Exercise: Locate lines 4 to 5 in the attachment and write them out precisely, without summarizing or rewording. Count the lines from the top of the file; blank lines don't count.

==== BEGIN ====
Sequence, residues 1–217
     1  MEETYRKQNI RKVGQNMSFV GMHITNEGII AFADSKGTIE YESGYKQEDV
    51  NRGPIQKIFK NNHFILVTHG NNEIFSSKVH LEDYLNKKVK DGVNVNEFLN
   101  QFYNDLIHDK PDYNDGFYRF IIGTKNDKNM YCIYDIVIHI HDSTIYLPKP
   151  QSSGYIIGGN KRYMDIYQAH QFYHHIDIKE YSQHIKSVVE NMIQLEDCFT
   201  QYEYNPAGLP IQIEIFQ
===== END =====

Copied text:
   101  QFYNDLIHDK PDYNDGFYRF IIGTKNDKNM YCIYDIVIHI HDSTIYLPKP
   151  QSSGYIIGGN KRYMDIYQAH QFYHHIDIKE YSQHIKSVVE NMIQLEDCFT